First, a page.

Pasar Gambir of Batavia: Hybrid Architecture and Space of Encounter for the Indies People
Around the early twentieth century in the Dutch East Indies, one could observe three important changes in society: a development of a consumer society, a cultural ascendancy of the middle class, and a quest for a suitable cultural form for the new urban society. These phenomena were the result of a growing number of commercial businesses in the colony that created a growing number of middle class people. Parallel to the new opportunity in business, there was also the Dutch Ethical Policy that had created an opportunity for a limited number of local people to be educated in a modern education system, enabling them to join the modern Dutch lifestyle. Progresses and social changes, in turn, had triggered a keener cultural awareness of the educated Dutch people living in the Indies to better understand the colony. Previously they had lived only according to the Dutch’s way of life and had neglected unique local conditions. Those Dutch people, some of whom had been born in the Indies, understood that customs of the motherland did not always translate well to the Indies. Thus, it was necessary to foster a suitable cultural form fitted the new society.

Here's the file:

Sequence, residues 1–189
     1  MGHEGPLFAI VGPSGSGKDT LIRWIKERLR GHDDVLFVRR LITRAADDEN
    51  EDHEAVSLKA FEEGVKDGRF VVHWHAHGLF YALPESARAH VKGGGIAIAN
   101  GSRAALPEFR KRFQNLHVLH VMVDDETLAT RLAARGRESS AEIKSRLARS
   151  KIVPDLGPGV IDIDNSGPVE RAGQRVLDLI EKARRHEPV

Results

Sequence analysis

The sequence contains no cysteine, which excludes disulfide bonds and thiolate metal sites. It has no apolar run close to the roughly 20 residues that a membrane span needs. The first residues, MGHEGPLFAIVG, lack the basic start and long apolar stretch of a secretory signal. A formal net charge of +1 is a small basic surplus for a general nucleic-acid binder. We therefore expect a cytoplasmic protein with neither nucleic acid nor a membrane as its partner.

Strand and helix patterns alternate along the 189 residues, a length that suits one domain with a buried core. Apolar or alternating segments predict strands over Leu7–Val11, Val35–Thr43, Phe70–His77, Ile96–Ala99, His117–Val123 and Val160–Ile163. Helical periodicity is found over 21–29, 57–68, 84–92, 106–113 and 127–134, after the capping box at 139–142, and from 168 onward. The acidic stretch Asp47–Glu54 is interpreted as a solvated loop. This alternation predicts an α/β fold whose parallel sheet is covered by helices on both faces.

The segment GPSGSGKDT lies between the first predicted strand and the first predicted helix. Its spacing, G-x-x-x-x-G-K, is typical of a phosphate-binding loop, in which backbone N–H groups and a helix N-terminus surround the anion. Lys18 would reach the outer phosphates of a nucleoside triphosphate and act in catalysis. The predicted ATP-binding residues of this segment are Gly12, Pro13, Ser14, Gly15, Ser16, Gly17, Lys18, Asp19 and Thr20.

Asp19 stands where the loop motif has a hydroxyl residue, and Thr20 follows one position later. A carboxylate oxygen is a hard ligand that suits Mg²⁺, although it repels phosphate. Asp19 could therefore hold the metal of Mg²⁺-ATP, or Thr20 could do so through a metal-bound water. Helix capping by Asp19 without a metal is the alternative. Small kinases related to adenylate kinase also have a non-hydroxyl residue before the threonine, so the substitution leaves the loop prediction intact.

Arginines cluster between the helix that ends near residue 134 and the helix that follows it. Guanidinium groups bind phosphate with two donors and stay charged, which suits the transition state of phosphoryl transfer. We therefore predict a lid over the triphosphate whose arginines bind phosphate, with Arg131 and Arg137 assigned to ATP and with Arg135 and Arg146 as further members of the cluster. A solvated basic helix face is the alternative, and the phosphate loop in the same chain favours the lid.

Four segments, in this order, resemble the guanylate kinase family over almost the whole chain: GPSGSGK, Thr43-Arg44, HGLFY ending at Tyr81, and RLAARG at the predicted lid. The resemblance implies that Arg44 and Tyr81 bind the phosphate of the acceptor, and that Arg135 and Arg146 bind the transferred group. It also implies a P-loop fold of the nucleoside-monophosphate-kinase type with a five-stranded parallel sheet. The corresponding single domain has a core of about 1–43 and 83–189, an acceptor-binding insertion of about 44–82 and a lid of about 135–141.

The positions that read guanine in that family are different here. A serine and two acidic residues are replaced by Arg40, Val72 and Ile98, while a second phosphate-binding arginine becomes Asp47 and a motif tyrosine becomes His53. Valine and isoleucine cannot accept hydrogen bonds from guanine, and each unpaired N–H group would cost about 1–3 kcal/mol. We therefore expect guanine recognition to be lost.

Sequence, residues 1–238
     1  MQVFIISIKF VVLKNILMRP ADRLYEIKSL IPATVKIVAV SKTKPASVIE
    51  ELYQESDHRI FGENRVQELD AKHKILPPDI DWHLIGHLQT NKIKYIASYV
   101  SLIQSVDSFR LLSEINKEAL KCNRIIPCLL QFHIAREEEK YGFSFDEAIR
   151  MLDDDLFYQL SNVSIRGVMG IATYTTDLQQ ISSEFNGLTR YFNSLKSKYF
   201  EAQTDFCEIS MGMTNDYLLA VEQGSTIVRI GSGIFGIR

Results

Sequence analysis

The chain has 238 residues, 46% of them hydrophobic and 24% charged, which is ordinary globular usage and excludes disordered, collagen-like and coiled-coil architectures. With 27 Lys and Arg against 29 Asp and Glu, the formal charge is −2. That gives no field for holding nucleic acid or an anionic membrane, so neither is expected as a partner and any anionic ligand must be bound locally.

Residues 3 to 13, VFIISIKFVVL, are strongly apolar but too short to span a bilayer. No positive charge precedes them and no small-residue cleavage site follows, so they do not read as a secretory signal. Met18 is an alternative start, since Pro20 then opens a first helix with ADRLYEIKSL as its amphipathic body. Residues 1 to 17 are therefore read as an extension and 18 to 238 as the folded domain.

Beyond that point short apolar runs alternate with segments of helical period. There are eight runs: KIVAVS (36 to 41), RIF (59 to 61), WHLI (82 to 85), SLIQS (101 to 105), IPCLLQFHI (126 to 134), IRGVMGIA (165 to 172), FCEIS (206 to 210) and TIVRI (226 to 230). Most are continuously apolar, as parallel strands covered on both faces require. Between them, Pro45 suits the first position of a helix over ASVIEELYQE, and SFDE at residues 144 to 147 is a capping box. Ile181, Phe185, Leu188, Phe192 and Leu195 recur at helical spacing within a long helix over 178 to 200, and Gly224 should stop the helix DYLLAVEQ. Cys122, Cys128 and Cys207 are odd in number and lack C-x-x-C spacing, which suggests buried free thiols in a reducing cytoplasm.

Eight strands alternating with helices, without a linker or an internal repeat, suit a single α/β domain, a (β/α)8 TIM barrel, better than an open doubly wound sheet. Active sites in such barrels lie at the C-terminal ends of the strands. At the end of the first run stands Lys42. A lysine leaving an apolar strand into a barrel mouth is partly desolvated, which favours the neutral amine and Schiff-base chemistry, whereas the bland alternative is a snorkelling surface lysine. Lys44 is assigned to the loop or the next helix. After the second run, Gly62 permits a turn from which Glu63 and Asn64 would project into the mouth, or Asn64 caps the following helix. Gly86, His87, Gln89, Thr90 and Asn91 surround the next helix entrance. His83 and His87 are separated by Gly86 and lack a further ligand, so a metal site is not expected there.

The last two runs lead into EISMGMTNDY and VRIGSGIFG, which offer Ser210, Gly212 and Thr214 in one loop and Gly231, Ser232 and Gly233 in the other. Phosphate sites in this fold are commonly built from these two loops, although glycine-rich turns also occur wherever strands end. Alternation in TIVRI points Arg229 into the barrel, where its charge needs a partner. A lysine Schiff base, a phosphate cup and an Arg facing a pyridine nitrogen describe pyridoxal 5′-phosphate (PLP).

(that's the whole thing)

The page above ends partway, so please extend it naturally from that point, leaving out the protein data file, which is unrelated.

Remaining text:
KeywordsLocal People Hybrid Architecture Main Entrance Consumer Society Electric Light
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